Pretty Girl in Crimson Rose (8)
Sandy Balfour

Think Word Freak with international flair. A nonfiction Ella Minnow Pea with a built-in book-length puzzle. Pretty Girl in Crimson Rose (8) will enthrall (or obsess!) anyone interested in words. Born and raised in South Africa, at age twenty-one journalist Sandy Balfour went into exile and began traveling the world. While hitchhiking through Nairobi, Cairo, and Moscow, before settling in England, he was introduced to a hobby that has ensnared millions of cognoscenti: the cryptic crossword. Cryptics offer the ultimate linguistic challenge-leagues beyond Scrabble, more eloquent than The New York Times puzzle. For Balfour, they became both a personal obsession and a way to understand something of himself and his new adopted homeland. Pretty Girl in Crimson Rose (8) weaves the story of Balfour’s travels with an insider’s account of the pastime called “the world’s most remarkable crossword.” We meet legendary setters like Araucaria and Bunthorne, learn of great clues such as “Amundsen’s forwarding address (4),” and travel the course of Balfour’s life from the Ubangi River in the Congo to the American Crossword Puzzle Tournament in Stamford, Connecticut. Peppered with anecdotes that explain the workings of cryptic puzzles while also offering a devilish hidden riddle, this book is a crossword lover’s must-have and a deliciously engaging account of an outsider who falls in love with a new place.

End of the Line
KT McCaffey

Irish novelist KT McCaffrey’s latest offering in his investigative reporter Emma Boylan series could be his breakout book. Emma is celebrating her Journalist of the Year Award when she hears of a fatal accident in Lonsdale, one of Dublin’s less fashionable suburbs. A car has crashed the barriers of a viaduct, killing the parish priest and seriously injuring another person. What first appears to be a tragic accident soon becomes a murder enquiry. Emma has barely begun working the case when the killer strikes again. Drawn through a maze of suspicion and intrigue, she looks to the past for clues. Back in the 1960s, 35 girls perished in their school-dorm when a midnight fire raged through the building. A diary that details events from that time is the catalyst for the evil now stalking the streets. As clue after clue falls into place, Emma unwittingly places her own life in mortal danger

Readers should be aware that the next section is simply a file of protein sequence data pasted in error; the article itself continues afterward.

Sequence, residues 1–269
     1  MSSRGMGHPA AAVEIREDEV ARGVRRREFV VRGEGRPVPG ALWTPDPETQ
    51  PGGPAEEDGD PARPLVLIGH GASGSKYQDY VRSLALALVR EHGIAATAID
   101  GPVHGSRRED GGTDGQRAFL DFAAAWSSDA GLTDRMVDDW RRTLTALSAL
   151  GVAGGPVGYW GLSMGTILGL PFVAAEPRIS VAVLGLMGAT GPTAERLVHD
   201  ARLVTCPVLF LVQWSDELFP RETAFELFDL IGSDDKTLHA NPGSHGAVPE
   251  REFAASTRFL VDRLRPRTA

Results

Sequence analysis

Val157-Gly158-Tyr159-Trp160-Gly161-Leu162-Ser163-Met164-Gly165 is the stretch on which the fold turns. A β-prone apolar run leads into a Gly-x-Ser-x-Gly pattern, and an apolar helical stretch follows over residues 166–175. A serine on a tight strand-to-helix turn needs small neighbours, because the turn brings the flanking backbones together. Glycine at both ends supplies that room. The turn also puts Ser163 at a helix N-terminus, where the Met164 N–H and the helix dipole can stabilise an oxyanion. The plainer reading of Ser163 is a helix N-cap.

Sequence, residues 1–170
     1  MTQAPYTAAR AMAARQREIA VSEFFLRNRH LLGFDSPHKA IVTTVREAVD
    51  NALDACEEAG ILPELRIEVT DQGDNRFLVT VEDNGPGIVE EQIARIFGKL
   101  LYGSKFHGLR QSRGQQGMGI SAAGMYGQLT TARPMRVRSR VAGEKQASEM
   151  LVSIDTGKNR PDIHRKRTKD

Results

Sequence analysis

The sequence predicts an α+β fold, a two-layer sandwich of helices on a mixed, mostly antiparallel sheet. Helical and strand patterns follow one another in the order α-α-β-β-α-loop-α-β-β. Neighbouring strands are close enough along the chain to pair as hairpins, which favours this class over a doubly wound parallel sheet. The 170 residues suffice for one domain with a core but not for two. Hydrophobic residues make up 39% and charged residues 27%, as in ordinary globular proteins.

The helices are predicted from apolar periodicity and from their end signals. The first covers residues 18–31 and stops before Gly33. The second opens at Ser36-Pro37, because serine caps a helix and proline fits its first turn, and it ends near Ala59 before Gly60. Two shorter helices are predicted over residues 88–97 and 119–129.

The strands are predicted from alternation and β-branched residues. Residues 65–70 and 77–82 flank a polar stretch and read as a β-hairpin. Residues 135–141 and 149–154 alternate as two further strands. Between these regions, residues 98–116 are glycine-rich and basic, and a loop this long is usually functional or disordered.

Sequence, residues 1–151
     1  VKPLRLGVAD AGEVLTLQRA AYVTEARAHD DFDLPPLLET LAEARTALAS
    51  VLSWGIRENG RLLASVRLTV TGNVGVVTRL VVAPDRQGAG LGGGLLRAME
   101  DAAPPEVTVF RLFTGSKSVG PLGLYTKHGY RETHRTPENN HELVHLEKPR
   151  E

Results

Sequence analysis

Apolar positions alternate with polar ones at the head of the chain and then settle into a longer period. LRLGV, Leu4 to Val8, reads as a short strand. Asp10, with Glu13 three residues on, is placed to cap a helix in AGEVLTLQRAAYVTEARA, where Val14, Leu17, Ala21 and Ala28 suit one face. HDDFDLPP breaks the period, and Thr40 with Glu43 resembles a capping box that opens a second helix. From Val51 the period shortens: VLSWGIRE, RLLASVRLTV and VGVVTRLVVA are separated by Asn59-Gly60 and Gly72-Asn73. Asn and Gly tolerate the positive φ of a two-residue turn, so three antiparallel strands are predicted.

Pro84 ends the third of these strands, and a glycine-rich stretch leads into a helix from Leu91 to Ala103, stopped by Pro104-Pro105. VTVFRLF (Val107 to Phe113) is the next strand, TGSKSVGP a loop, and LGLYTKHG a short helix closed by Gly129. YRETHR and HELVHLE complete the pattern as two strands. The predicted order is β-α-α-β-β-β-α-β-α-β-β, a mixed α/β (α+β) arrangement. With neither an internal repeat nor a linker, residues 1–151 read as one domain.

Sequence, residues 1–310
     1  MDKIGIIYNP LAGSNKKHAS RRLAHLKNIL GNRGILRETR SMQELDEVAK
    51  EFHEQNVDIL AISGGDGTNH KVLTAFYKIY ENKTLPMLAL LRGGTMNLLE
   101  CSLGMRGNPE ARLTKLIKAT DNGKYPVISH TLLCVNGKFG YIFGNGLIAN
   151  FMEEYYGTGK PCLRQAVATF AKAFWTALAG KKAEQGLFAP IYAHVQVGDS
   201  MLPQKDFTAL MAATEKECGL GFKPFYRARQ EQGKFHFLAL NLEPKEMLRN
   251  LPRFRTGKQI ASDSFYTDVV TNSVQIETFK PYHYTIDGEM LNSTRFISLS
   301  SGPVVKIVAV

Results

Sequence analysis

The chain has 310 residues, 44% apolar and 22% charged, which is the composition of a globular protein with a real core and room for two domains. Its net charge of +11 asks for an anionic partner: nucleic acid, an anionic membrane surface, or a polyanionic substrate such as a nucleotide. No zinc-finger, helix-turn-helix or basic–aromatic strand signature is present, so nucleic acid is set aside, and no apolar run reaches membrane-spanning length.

The Girl from the Well
Rin Chupeco

You may think me biased, being murdered myself. But my state of being has nothing to do with the curiosity toward my own species, if we can be called such. We do not go gentle, as your poet encourages, into that good night.

A dead girl walks the streets. She hunts murderers. Child killers, much like the man who threw her body down a well three hundred years ago. And when a strange boy bearing stranger tattoos moves into the neighborhood so, she discovers, does something else. And soon both will be drawn into the world of eerie doll rituals and dark Shinto exorcisms that will take them from American suburbia to the remote valleys and shrines of Aomori, Japan. Because the boy has a terrifying secret – one that would just kill to get out.  The Girl from the Well is A YA Horror novel pitched as “Dexter” meets “The Grudge”, based on a well-loved Japanese ghost story.

Update: of course I loved it, it’s exactly what I love in one book, although it wasn’t quite captivating enough to stop my mind from wandering.

Flowers in the Attic
Virginia Andrews

It wasn’t that she didn’t love her children. She did. But there was a fortune at stake—a fortune that would assure their later happiness if she could keep the children a secret from her dying father. So she and her mother hid her darlings away in an unused attic. Just for a little while. But the brutal days swelled into agonizing years. Now Cathy, Chris, and the twins wait in their cramped and helpless world, stirred by adult dreams, adult desires, served a meager sustenance by an angry, superstitious grandmother who knows that the Devil works in dark and devious ways. Sometimes he sends children to do his work—children who—one by one—must be destroyed….

The Young Oxford Book of Ghost Stories